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Because It Worked So Well Last Time, Argentina Will Borrow $50B From The IMF

Mauricio Macri is apparently content with one term as president.
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Casa Rosada ( [CC BY 2.5 ar], via Wikimedia Commons

Casa Rosada ( [CC BY 2.5 ar], via Wikimedia Commons

In the year 2000, the International Monetary Fund provided a $40 billion bailout to Argentina, to help the country reduce its growing debt burden. In exchange, the IMF demanded—as it always does—crippling austerity, because the sort of lower-rung countries that require the IMF’s help must be punished for their profligacy. This led to the collapse of the Argentine peso, double-digit unemployment, the default the bailout was supposed to prevent (much to Paul Singer’s eventual glee), the terminal distrust of the Argentine people toward the international financial system and the rise of the Kirchner clan to the Casa Rosada.

But like the country’s last default, all of that was like 100 years ago. So why not try it again without learning anything from history?

The International Monetary Fund and Argentina reached an agreement for a $50 billion credit line to stem a drop in the value of the Argentine peso and shore up the government of President Mauricio Macri, as he accelerates plans to reduce fiscal deficits….

As part of the program, Argentina will agree to accelerate the pace at which it reduces the government deficit. The nation spends more than it collects in revenue and imports more than it exports, creating fiscal and current-account shortfalls that leave Argentina vulnerable to fluctuations in its currency.

Surely, this time, it won’t lead to the (continuing) collapse of the peso, double-digit unemployment, defaults, heightened distrust towards the IMF and its ilk, and the rise of the Kirchner clan back to the Casa Rosada.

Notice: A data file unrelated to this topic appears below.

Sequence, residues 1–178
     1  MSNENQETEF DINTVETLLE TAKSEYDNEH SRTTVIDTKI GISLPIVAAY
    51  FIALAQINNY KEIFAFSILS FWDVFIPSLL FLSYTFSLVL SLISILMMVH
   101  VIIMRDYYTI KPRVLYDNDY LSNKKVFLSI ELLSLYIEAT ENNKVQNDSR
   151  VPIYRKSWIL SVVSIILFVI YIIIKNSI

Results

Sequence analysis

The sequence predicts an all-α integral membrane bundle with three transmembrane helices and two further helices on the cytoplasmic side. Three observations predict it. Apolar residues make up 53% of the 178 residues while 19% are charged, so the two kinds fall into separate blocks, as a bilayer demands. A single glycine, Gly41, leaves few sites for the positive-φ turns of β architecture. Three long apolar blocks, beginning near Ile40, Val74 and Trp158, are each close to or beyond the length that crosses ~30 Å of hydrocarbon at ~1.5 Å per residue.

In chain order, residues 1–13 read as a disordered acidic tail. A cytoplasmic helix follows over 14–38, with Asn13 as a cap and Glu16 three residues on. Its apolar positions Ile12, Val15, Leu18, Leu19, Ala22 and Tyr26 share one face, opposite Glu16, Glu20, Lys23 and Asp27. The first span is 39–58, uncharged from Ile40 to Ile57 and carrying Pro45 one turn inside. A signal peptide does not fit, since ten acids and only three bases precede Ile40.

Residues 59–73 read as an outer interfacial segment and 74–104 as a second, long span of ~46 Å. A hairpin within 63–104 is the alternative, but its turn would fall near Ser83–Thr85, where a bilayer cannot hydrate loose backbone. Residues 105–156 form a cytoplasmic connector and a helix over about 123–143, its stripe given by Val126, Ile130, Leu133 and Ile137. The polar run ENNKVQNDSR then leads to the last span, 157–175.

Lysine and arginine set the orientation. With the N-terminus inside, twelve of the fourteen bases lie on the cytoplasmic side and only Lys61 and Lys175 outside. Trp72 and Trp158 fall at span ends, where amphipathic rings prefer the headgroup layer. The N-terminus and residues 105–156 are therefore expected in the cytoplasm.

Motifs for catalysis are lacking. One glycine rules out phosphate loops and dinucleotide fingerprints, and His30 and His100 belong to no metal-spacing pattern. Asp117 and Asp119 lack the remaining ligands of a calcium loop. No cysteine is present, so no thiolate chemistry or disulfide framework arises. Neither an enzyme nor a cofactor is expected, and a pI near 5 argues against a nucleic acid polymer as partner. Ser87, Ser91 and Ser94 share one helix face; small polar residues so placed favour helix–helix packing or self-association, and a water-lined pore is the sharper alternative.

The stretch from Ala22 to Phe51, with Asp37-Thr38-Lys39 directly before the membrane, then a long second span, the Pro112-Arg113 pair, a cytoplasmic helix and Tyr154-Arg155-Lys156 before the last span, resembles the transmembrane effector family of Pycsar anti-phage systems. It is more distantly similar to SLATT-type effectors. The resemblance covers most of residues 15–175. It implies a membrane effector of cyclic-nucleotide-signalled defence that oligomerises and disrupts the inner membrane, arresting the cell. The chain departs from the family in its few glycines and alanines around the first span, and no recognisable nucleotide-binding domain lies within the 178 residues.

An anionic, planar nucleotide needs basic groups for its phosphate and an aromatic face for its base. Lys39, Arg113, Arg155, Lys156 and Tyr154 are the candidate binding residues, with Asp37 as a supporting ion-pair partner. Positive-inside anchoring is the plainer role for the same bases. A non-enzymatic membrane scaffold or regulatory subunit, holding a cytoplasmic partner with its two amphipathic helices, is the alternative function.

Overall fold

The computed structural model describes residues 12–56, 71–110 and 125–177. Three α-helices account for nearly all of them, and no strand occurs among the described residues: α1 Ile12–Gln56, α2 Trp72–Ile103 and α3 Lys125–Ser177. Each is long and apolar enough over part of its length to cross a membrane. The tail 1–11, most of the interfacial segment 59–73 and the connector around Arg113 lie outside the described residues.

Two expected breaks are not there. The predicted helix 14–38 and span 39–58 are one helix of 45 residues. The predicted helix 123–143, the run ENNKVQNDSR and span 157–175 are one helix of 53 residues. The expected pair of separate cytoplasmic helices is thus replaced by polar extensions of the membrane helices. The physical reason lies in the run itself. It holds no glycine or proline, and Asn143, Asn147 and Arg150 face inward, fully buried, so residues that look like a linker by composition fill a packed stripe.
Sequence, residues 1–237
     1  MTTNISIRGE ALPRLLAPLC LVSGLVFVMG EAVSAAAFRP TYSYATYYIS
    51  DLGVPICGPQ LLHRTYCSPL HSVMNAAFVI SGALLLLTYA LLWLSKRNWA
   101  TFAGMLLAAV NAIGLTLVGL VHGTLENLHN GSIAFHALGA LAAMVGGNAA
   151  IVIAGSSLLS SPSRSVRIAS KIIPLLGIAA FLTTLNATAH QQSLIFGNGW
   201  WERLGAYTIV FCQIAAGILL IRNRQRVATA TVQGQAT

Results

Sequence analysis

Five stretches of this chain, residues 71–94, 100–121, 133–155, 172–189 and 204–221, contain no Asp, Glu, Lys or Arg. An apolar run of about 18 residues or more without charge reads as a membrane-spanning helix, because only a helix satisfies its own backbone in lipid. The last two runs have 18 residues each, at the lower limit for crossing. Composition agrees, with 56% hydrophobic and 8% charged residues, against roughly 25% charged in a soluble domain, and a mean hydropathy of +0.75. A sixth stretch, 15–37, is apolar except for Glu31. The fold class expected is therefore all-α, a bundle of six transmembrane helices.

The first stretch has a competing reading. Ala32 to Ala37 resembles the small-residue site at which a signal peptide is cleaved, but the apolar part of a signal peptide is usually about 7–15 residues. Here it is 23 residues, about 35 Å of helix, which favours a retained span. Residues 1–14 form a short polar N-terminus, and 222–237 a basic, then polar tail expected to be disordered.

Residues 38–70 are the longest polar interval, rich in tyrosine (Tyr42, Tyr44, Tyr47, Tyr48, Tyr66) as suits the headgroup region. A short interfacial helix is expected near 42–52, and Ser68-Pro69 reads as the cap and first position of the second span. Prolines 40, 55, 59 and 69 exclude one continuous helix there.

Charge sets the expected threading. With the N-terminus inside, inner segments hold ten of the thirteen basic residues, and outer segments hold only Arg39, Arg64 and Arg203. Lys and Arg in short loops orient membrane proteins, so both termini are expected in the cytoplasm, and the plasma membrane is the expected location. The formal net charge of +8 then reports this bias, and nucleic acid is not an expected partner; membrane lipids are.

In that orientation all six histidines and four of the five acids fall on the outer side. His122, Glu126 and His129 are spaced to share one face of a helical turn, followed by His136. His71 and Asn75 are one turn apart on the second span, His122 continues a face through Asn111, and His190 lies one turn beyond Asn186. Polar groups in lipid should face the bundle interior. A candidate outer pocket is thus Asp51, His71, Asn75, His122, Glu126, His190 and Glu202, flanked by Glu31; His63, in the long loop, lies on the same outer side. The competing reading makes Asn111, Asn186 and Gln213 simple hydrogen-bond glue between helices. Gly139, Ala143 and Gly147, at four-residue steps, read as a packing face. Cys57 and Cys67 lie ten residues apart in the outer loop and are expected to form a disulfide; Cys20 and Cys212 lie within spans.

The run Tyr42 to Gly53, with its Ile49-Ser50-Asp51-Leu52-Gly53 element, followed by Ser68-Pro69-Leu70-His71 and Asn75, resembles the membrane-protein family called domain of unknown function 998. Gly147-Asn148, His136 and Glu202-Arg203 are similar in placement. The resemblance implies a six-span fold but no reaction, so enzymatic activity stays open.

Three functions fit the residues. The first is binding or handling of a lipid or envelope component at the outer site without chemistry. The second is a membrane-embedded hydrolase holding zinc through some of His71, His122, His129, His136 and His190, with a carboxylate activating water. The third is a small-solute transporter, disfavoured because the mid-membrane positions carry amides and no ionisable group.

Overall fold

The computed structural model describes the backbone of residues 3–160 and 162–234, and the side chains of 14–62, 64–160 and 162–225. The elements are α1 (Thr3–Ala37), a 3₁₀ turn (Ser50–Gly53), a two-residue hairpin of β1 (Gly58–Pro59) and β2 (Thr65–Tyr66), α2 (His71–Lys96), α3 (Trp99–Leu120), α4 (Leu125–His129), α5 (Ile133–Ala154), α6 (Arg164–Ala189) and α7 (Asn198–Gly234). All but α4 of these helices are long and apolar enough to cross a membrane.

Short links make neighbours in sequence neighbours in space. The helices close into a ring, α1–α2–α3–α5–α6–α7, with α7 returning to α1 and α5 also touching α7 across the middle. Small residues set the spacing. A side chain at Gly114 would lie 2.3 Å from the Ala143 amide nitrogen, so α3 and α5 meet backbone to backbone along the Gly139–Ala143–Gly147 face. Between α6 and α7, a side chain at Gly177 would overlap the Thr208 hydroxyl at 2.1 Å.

Argentina’s government said it would aim to rapidly reduce its deficits until it has a fiscal surplus by 2021.

“Garnering political backing to implement the program will be a key challenge for the Macri administration,” said Mr. Castellano of the IIF. “The fiscal targets are ambitious, particularly for 2019, which is an election year….”

Opponents of President Macri criticized the deal with the IMF, which has a bad reputation in Argentina as many people blame it for the country’s 2001 financial crisis that resulted in a massive default. The agreement comes amid growing discontent with the Argentine leader, with unions threatening a national strike and small businesses struggling to pay higher utility bills since the government cut energy subsidies.

“It is mockery of everyone that suffered the policies of the fund,” said leftist lawmaker Nicolas del Caño.

IMF, Argentina Agree on $50 Billion Bailout Deal [WSJ]
Argentina peso falls to new low after IMF deal [FT]
Earlier: Wall Street Wants To Know Why Argentine President Hasn’t Fixed Four Decades Worth Of Problems In Less Than Three Years


Casa Rosada ( [CC BY 2.5 ar], via Wikimedia Commons

IMF Argentina Bailout Working About As Well As The Last One

It almost seems like Christine Lagarde & co. don’t know what they’re doing.

Presidencia de la Nación Argentina [CC BY 2.0], via Wikimedia Commons

That 100-Year Argentine Bond Not Looking So Great Now

Paul Singer would be happy to take it off your hands for a few cents on the dollar, though.

Casa Rosada ( [CC BY 2.5 ar], via Wikimedia Commons

To Stop Cristina Kirchner, Mauricio Macri Must Become Cristina Kirchner

You get some rice and you get some sugar and you get some discounted bus tickets and I maybe get a few more of your votes?

Presidencia de la Nación Argentina [CC BY 2.0], via Wikimedia Commons

Cristina Kirchner Not Done Torpedoing Argentine Economy

The mere thought of the former Argentine president has investors running for the hills.


Wall Street Shocked Argentine President-Elect Who Ran Against It Not Eager To Do What It Wants

Truly, finance’s capacity for surprise at the obvious and unearned arrogance knows no bounds.